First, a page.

692. Petrophila solitaria.
The Eastern Blue Rock-Thrush.
Turdus solitarius, P.L. S. Muller, Syst, Nat,, Anhang, p. 142 (1770). Turdus manillensis, Gmel, Syst. Nat. i, p. 833 (1788). Petrocincla manillensis (Gm.), Blyth, Cat. p. 164; Horsf. & M. Cat, i, p. 188. Cyanocincla solitaria (Mull.), Hume & Dav. S. F. vi, p. 248 ; Hume, Cat. no. 351 bis; id. S. F. xi, p. 125. Monticola solitaria (Mull), Seebohm, Cat. B. M. v, p. 319.
Coloration. Male. The whole head, neck, breast, upper plumage and lesser wing-coverts bright blue, most of the feathers with small white tips and subterminal black spots; median, greater, and primary coverts blackish, edged with blue and tipped with white ; quills and tail black, edged with bluish and each feather very narrowly tipped white; abdomen, vent, under tail-covert, axillaries, and under wing-coverts chestnut, with narrow white fringes and black subterminal bars; thighs and flank-feathers adjacent to them blue.
At the end of winter the white fringes and subterminal black bars on the blue parts of the plumage are entirely lost, and the marks on the chestnut parts are also removed by abrasion in great measure, but never entirely.
Female. After the autumn moult the whole upper plumage and lesser wing-coverts are a very dull blue, most of the feathers being fringed with white and with a subterminal black bar, and the feathers of the back with black shafts ; quills and remaining wing-coverts dark brown, edged with dull blue and tipped white; the whole lower plumage and the sides of the head and neck pale buffy white, each feather sub terminally margined with black ; the under wing-coverts, axillaries, and under tail-coverts suffused with rufous and irregularly barred with black. In summer all the margins of the feathers become abraded, causing the plumage to become more uniform.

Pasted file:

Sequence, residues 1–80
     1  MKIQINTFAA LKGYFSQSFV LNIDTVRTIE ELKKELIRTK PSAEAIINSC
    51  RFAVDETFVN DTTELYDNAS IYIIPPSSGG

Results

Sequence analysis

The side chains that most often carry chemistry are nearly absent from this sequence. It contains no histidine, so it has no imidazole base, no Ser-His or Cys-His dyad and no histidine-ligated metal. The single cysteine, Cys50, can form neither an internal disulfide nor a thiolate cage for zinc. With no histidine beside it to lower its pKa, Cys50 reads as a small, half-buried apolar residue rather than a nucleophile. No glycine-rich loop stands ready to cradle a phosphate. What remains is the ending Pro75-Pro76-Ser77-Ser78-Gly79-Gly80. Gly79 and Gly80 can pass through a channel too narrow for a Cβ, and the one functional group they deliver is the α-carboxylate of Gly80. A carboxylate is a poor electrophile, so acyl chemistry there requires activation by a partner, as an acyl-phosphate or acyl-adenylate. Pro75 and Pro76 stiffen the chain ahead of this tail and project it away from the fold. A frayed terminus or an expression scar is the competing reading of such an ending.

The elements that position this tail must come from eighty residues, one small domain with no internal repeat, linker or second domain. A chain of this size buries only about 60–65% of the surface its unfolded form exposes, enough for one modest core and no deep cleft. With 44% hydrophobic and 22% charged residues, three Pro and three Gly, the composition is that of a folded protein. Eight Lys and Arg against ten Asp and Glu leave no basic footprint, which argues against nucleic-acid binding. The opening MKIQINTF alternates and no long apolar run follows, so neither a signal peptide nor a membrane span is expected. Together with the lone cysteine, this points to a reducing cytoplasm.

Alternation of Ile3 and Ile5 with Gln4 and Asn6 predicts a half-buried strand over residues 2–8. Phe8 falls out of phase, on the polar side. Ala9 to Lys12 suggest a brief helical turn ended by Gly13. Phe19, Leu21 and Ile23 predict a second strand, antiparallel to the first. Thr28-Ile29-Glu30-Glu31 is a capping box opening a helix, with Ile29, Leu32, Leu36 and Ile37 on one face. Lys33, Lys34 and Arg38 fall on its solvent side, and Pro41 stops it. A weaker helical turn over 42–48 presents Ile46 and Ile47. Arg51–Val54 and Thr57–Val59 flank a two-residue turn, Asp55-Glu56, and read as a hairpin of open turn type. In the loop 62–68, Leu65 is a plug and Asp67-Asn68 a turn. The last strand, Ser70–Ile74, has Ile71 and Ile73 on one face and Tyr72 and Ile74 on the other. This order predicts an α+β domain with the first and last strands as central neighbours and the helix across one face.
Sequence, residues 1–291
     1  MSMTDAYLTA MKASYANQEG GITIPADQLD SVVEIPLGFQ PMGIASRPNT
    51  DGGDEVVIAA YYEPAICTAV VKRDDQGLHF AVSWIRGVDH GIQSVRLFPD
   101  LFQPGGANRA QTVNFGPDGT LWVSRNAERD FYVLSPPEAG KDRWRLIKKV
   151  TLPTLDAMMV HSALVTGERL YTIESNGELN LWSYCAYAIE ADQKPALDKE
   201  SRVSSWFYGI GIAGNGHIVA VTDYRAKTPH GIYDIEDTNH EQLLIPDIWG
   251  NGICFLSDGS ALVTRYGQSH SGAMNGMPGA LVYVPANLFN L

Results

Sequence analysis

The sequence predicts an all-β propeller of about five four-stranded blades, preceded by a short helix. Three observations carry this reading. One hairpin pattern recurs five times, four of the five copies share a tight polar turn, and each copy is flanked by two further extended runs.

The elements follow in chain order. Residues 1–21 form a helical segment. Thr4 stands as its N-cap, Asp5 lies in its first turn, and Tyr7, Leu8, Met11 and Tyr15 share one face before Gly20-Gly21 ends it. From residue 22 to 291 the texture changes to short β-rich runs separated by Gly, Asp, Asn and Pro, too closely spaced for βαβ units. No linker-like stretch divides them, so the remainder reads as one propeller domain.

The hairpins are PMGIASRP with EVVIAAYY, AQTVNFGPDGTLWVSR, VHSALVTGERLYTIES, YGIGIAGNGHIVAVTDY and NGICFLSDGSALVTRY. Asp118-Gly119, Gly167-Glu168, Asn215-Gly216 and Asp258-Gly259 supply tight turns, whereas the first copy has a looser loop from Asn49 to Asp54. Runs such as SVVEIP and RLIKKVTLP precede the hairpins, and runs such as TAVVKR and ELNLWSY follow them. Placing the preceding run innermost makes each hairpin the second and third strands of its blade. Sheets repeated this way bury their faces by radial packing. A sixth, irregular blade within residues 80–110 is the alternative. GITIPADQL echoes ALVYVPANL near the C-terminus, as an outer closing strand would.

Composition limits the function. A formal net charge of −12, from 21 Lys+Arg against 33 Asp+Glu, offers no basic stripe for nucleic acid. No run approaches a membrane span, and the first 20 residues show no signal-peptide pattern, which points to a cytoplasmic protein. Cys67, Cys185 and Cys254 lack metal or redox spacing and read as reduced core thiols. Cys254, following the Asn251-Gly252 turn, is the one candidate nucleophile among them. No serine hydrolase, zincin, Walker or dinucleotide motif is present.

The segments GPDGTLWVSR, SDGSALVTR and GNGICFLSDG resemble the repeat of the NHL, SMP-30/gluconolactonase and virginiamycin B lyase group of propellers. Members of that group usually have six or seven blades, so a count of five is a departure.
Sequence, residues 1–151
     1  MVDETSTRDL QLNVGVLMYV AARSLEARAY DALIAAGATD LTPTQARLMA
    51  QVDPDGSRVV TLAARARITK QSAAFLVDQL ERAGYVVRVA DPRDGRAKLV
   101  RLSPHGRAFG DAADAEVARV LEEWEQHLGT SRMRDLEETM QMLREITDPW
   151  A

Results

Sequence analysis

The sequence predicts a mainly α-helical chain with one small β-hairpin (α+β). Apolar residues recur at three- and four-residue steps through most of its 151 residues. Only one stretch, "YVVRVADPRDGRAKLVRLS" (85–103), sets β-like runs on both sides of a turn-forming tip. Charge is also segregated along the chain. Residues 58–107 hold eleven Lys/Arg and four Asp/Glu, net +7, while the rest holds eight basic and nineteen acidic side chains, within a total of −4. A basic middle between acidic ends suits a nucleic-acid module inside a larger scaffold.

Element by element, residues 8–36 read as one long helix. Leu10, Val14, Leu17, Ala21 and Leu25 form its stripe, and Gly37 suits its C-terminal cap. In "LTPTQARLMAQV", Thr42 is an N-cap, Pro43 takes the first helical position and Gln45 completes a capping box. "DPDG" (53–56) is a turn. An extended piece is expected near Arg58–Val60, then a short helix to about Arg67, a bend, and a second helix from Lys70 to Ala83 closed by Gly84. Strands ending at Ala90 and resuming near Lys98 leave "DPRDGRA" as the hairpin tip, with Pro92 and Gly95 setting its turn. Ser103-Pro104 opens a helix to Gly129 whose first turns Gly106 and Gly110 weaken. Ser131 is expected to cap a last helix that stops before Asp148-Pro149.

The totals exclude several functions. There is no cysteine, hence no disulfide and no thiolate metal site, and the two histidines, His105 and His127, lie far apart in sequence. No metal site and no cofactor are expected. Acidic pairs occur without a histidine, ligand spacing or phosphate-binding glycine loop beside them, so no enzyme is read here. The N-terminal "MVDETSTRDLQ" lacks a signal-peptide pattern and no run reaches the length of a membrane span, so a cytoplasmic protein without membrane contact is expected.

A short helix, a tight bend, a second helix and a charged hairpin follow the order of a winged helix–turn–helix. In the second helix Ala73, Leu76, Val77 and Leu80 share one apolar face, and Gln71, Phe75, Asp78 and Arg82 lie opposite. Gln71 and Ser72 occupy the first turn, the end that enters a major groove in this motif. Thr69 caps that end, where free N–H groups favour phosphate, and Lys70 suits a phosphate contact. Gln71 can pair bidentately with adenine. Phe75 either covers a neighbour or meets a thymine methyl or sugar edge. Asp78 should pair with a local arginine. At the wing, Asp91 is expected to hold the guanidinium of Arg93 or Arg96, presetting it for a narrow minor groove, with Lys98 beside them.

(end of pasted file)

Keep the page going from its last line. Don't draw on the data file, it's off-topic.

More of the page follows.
The nestling resembles the adult female, but has the margins of the feathers more extended, causing a squamated appearance. The young male assumes the chestnut of the adult very rapidly and acquires the greater part of it before the autumn moult.
The females and young of this and the next species cannot be discriminated with certainty; but the females of P. solitaria are generally suffused with rufous on the under wing- and tail-coverts.
Length about 9.5 ; tail 3.4; wing 4.9; tarsus 1.2; bill from gape 1.2.
Birds of this species in typical plumage are only found in Japan and the islands of the China seas. Further west the males always exhibit some admixture of blue with the chestnut of the lower parts. The only bird killed within Indian limits that I have been able to examine at all approaching a typical Japan bird is from the Andamans. On examining all the available specimens of Blue Bock-Thrushes killed in the Indian Empire, I find that out of 102 birds from the west of the longitude of Calcutta only 8 exhibit a trace of red ; of 30 specimens from Assam down to Rangoon, only 7, and out of 72 Tenasserim birds only 27 show any red. This red is generally present on the under tail-coverts, and only in a few cases extends to the abdomen in varying quantities. The cause of this variation is unknown, but may be attributed either to climatic causes or to the interbreeding of P. cyanus with P. solitaria.
Distribution. Birds exhibiting red in the lower plumage are found in Nepal, Sikhim, Dacca, Cachar, the whole of Burma and the Andamans. This species visits the Empire in the winter only, and at this season is found also in Southern China, extending down to the Malayan islands. It breeds in Japan and Northern China.